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January 24, 2007 | From the Associated Press
A second U.S. aircraft carrier group steaming toward the Middle East is Washington's way of warning Iran to back down in its attempts to dominate the region, a top U.S. diplomat said Tuesday. R. Nicholas Burns, U.S. undersecretary of State for political affairs, ruled out direct negotiations with Tehran and said rapprochement was "not possible" until Iran halted its uranium enrichment program.
December 20, 2006 | From Times Wire Reports
The Pentagon is considering a buildup of Navy forces in the Persian Gulf as a show of force against Iran, a senior defense official said. Speaking on condition of anonymity because the idea has not been approved, the official said one proposal called for sending a second aircraft carrier to the region amid increasing tensions with Iran. Tehran is blamed for encouraging sectarian violence in Iraq as well as allegedly pursuing a nuclear weapons program.
December 13, 2006 | From Bloomberg News
Northrop Grumman Corp., the world's largest warship builder, teamed with Aluminum Chambered Boats Inc. to bid for a new U.S. Navy vessel to be used for missions up rivers in areas such as Iraq. Aluminum Chambered Boats would design the craft, and Century City-based Northrop would outfit it with weapons and sensors, the companies said.
August 30, 2006 | From Times Wire Reports
A U.S. cruiser equipped with an advanced missile-defense system docked in Yokosuka, Japan, as concerns linger over North Korea's missile program. The Shiloh is equipped with Aegis technology, which is geared toward tracking and shooting down enemy missiles. The top U.S. commander in the Pacific, Adm. William Fallon, said last week that Washington and Tokyo planned to work closely to develop a missile shield to defend against threats posed by communist North Korea.
June 2, 2006 | From Bloomberg News
Northrop Grumman Corp. was awarded a $2.49-billion Navy contract to build two amphibious transport ships, the Defense Department said. The contract calls for the construction of the Navy's 22nd and 23rd amphibious troop ships and the assembly of raw materials and labor for a 24th, the Pentagon said.
March 19, 2006 | From Times Wire Reports
Two U.S. Navy warships returned fire on suspected pirates off the coast of Somalia, killing one suspect, wounding five and igniting a fire on one vessel, the Navy said. Seven other suspects were taken into custody after the early-morning shootout, said Lt. Cmdr. Charlie Brown, spokesman for the U.S. Navy's 5th Fleet. No sailors were wounded in the battle, which occurred about 5:40 a.m. about 25 nautical miles off the Somalian coast in international waters.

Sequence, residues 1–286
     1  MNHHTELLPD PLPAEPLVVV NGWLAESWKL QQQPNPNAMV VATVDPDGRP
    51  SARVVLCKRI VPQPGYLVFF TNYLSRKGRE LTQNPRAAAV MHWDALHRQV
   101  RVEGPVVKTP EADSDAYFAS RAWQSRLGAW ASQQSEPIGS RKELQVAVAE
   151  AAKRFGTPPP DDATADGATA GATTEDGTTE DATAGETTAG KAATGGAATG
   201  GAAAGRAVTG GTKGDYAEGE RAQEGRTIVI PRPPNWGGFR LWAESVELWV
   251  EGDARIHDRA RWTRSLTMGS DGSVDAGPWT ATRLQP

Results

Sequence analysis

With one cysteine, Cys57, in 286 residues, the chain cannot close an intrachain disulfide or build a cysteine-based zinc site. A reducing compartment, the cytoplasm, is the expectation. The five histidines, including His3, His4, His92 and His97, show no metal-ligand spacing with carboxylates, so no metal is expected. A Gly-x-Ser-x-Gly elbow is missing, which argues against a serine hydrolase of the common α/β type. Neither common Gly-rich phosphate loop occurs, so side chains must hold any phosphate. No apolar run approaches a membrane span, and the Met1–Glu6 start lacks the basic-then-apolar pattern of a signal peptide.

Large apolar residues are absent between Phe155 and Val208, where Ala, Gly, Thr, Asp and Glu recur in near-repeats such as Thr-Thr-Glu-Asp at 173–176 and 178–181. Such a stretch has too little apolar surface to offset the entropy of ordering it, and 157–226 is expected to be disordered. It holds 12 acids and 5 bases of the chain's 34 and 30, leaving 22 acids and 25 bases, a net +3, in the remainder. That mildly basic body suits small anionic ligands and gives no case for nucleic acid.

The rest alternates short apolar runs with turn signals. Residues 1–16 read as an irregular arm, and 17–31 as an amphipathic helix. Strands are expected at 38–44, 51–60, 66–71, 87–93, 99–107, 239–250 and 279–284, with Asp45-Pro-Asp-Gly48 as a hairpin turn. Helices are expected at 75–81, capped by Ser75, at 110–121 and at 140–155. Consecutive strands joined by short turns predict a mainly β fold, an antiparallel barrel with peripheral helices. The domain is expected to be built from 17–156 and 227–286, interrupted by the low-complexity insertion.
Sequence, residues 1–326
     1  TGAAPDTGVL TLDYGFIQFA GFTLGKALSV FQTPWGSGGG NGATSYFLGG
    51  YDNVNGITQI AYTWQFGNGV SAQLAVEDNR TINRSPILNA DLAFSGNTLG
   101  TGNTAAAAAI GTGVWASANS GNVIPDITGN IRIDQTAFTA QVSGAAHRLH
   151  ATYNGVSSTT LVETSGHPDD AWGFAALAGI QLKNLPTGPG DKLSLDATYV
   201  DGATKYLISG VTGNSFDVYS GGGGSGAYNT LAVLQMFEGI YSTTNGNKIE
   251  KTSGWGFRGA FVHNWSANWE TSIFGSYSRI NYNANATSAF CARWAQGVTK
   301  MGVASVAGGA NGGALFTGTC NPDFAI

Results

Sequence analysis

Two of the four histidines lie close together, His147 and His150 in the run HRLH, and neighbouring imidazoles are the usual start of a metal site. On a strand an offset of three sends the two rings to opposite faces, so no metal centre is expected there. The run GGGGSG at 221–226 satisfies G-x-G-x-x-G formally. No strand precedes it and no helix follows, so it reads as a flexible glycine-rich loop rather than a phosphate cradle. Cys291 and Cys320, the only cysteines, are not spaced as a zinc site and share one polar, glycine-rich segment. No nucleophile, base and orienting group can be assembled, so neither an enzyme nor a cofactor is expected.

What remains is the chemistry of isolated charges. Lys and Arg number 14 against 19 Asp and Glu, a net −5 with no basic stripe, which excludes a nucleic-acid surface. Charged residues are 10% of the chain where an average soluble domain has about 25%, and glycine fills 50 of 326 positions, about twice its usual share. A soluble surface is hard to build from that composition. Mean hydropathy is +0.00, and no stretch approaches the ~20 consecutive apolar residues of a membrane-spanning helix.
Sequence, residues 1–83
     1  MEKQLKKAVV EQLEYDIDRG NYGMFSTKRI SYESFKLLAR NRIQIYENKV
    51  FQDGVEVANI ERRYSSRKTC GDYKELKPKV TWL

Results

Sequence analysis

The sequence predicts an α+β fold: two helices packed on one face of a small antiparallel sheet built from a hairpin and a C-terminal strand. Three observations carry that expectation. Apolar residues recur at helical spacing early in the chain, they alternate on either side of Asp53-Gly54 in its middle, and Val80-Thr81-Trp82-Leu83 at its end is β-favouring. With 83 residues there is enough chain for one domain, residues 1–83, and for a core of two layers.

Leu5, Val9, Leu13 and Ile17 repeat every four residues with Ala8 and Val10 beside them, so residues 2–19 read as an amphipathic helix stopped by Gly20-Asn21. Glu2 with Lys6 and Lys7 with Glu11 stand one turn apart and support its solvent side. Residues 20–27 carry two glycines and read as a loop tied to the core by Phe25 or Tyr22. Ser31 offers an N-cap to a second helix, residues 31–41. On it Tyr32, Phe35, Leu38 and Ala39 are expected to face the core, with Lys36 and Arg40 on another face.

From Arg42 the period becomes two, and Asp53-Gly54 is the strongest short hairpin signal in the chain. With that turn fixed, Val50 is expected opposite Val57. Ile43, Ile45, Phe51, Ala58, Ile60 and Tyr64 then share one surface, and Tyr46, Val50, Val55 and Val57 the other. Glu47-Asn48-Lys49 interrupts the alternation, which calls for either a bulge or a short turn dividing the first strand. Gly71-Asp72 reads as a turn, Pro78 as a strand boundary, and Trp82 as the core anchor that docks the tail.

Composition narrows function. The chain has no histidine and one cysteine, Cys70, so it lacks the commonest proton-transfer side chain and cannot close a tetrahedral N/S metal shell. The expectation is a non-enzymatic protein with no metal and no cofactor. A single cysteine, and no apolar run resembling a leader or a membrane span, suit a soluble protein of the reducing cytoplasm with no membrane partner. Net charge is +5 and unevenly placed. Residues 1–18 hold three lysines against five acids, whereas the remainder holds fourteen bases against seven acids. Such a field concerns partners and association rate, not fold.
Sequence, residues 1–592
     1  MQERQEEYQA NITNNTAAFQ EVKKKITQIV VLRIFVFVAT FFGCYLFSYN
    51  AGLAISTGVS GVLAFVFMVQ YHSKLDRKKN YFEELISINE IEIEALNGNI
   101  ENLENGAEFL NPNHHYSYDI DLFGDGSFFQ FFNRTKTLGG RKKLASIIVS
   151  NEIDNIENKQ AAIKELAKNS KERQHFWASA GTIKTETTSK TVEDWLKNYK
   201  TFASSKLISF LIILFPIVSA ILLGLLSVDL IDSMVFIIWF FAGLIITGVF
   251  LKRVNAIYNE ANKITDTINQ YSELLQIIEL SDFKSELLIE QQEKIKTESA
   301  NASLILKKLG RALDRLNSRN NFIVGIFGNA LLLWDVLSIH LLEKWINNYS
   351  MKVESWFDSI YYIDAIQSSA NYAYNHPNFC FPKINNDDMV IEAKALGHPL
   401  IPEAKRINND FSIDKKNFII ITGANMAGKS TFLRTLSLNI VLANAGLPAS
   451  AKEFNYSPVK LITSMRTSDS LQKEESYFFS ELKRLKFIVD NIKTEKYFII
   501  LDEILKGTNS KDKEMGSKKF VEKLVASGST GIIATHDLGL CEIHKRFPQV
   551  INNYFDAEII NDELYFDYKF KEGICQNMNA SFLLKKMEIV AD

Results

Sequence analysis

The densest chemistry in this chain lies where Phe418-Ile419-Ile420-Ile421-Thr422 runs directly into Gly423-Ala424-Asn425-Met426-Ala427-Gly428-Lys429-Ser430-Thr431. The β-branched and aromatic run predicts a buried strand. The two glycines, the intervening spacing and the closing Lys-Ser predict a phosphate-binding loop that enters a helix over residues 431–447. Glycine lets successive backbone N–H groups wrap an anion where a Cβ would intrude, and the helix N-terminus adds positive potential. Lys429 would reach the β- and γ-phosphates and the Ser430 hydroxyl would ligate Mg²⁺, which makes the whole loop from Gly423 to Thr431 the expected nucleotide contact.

January 3, 2006 | Steve Chawkins, Times Staff Writer
Turning a battleship around is never easy -- especially in the politically roiled waters of the San Francisco Bay. Last July, San Francisco's county supervisors voted 8 to 3 against bringing the vintage World War II battleship Iowa to San Francisco as a permanent tourist attraction. Some opponents said they were taking a stand against both the war in Iraq and a military that boots out gays and lesbians, a powerful faction in local politics.
September 3, 2005 | From Times Wire Reports
Hundreds of veterans were among the thousands who gathered at the battleship Missouri in Pearl Harbor for a ceremony marking the official end of World War II. The 90-minute ceremony featured a 21-gun salute, and the Hawaii Air National Guard flew fighter jets overhead in the missing-man formation. It was 60 years ago that Japan signed surrender documents on the decks of the Missouri as it lay at anchor in Tokyo Bay.
July 21, 2005 | From Bloomberg News
Repeated changes in the requirements and cost of the Navy's DDX destroyer program raise questions about the rationale for the warship and whether the service can afford it, the Government Accountability Office said. The case for the destroyer, which is being developed by a team led by Century City-based Northrop Grumman Corp., "had already changed multiple times since the Navy launched the development effort in 1995," the GAO said.
February 4, 2005 | From Times Wire Reports
The U.S. aircraft carrier Abraham Lincoln left Indonesia's tsunami disaster zone and 5,000 more U.S. troops will withdraw gradually in the next few weeks, officials said. Australia also said its troops would withdraw in a few weeks. The Lincoln led a massive operation to deliver aid to isolated villages after the Dec. 26 earthquake and tsunami.
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